Women's magazines are widely read in Canada. The popularity of such magazines is significant because critical gerontologists, primarily drawing on content analyses of the magazines, often argue that these publications convey problematic messages about ageing. This article broaches the subject of women's magazines and ageing from a different vantage point, that of the older woman reader herself. This audience-centred research draws on 21 semi-structured interviews with Canadian women over the age of 55. The study examines what older women say about the ageing-related content of women's magazines, along with what they say about how, when and why they read these magazines. Findings illustrate that participants are aware of the inadequate and unrealistic representations of older women in women's magazines. Nonetheless, they value the publications as a source of practical information on a variety of topics and as a light and undemanding source of entertainment and relaxation. The study reveals how participants assess and deploy magazine contents and characteristics in ways that contribute to, and are informed by, their lives and identities as older women. Against the broader cultural context of ageism, using and talking about women's magazines enables the participants to position themselves as knowledgeable and informed on a variety of topics and in multiple interactions, both in explicit reference to the magazines themselves and more generally in their lives.
This chapter describes the export of the model of parliamentary public finance developed in the UK to the colonies, dominions and independent states which emerged from the British Empire. It opens by surveying the critical similarities and differences between public finance in the British and US constitutional traditions, before moving to explain how finance was treated in Canadian and Australasian colonial constitutions. Thereafter, the chapter explains how finance provisions became a form of 'constitutional boilerplate', adopted by independent dominions and republics in the twentieth century. By the conclusion of that constitutional itinerary, it is observed that the distribution of financial authority between Parliament and the executive government in nineteenth century Britain became the norm prevailing in the parliamentary constitutional world. Close attention is paid to the drafting history and provisions of constitutional documents from a number of parliamentary jurisdictions (including Australia, Canada, Indian, Malaysia, Nepal and Nigeria), as well as judicial decisions on public finance throughout the Commonwealth of Nations.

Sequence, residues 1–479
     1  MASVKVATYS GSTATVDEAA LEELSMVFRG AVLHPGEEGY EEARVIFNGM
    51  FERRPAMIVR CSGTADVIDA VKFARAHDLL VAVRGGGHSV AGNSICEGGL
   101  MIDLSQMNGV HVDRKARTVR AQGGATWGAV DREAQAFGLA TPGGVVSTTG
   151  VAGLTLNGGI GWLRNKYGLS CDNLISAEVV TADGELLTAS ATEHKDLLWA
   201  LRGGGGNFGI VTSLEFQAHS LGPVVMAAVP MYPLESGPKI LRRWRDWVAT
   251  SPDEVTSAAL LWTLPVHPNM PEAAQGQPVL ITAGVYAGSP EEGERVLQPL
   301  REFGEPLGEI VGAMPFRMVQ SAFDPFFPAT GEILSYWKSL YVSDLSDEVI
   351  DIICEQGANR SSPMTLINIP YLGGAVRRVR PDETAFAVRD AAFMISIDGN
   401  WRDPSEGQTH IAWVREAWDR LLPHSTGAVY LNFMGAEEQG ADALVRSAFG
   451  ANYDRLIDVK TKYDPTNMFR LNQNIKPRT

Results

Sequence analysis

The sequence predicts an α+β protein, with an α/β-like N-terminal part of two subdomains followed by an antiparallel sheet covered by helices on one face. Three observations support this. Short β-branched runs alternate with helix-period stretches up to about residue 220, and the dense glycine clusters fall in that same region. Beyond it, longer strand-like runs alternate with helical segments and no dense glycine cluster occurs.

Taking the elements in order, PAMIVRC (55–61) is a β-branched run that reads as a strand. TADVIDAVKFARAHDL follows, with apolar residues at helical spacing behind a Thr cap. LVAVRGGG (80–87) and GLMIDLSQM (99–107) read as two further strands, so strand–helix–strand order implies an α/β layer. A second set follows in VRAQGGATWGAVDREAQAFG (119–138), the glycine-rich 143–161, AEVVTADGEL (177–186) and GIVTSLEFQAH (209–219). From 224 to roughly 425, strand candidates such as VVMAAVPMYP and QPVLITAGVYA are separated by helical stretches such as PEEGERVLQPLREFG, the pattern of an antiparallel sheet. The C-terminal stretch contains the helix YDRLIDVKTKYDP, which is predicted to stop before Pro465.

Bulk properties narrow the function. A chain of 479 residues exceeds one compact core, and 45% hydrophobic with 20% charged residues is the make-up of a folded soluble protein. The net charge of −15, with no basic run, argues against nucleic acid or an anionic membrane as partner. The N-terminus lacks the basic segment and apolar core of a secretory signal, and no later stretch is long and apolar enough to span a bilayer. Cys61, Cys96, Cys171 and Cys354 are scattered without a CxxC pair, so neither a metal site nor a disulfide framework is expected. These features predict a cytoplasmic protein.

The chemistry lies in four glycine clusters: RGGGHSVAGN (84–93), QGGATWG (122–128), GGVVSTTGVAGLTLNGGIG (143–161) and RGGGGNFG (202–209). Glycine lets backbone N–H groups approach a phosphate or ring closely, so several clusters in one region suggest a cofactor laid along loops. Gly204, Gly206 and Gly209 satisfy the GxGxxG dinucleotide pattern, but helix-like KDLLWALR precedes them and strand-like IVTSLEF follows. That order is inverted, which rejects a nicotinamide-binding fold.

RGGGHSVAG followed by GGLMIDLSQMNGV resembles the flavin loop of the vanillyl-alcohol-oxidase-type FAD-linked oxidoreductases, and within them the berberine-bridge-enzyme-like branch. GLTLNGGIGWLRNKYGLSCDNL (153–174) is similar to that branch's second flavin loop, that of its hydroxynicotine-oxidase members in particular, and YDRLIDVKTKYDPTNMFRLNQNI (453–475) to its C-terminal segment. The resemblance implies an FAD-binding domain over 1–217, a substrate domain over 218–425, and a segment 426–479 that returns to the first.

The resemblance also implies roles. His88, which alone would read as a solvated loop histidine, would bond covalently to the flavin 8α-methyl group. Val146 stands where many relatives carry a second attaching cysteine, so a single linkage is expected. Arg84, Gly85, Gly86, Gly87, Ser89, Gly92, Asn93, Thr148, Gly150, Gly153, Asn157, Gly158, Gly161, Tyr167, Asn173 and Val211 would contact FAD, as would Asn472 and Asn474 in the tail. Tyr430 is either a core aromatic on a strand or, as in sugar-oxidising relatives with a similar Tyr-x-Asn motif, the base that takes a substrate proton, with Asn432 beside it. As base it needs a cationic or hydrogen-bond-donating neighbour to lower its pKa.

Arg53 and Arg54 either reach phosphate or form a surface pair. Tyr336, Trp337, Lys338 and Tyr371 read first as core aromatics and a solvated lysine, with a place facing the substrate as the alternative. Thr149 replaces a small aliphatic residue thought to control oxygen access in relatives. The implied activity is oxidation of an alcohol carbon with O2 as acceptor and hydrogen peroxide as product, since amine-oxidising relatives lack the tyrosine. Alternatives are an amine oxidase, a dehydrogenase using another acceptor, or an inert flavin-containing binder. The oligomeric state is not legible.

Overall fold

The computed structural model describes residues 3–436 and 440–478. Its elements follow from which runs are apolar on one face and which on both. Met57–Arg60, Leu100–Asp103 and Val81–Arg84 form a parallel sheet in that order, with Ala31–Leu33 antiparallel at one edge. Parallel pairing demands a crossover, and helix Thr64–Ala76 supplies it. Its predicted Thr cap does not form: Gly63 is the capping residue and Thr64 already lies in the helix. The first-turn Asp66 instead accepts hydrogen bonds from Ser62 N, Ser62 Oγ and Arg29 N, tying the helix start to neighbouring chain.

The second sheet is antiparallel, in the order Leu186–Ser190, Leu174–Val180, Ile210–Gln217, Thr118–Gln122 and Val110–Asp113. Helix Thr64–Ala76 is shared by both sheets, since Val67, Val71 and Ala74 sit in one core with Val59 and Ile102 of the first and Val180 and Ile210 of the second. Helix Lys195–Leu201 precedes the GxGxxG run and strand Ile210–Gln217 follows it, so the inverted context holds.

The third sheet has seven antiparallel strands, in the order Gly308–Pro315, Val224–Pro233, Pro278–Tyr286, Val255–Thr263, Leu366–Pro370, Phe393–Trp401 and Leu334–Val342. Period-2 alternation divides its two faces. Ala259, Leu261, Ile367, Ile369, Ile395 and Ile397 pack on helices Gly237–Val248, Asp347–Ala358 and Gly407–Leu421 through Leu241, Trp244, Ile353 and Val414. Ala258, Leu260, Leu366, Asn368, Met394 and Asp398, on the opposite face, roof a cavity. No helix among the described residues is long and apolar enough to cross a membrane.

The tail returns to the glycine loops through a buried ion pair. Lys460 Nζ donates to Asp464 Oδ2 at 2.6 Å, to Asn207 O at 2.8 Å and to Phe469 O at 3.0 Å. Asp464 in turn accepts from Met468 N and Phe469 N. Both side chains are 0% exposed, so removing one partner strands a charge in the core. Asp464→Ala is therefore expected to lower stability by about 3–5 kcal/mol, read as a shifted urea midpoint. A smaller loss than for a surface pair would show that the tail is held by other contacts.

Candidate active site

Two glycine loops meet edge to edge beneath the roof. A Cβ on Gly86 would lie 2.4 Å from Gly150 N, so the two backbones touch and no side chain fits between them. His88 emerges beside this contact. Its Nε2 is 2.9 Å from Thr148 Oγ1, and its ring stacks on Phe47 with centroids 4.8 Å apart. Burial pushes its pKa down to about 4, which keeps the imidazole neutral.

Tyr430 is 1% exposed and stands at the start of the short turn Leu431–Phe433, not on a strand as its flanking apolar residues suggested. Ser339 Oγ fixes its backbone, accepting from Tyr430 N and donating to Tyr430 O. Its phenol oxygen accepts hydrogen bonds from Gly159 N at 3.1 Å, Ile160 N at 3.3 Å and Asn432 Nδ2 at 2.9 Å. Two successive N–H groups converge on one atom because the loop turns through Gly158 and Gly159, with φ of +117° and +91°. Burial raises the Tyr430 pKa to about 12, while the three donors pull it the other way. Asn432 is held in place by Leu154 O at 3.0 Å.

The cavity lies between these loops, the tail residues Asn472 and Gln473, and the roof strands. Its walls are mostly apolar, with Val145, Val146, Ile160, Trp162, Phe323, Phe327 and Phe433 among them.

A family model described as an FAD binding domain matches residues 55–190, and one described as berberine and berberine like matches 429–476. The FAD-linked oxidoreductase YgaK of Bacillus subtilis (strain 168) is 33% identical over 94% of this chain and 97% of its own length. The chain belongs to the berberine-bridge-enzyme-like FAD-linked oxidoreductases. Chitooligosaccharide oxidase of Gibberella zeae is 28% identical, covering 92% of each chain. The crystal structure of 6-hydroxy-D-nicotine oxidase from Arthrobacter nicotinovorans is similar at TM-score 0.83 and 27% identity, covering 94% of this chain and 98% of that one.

This chapter outlines the development of English dictionaries in Canada as expressions of the national variety of Canadian English. Four stages of dictionary development in Canadian English are identified. The role of and dependency on publishing houses in the field's development is surveyed. This dependency led, ultimately, to what is called the Great Canadian Dictionary War. A handful of less widely known dictionaries that were important in Canada’s lexicographical development are discussed in some detail, and numerical methods are used to analyse developments within the Canadian dictionary market since the late 1970s.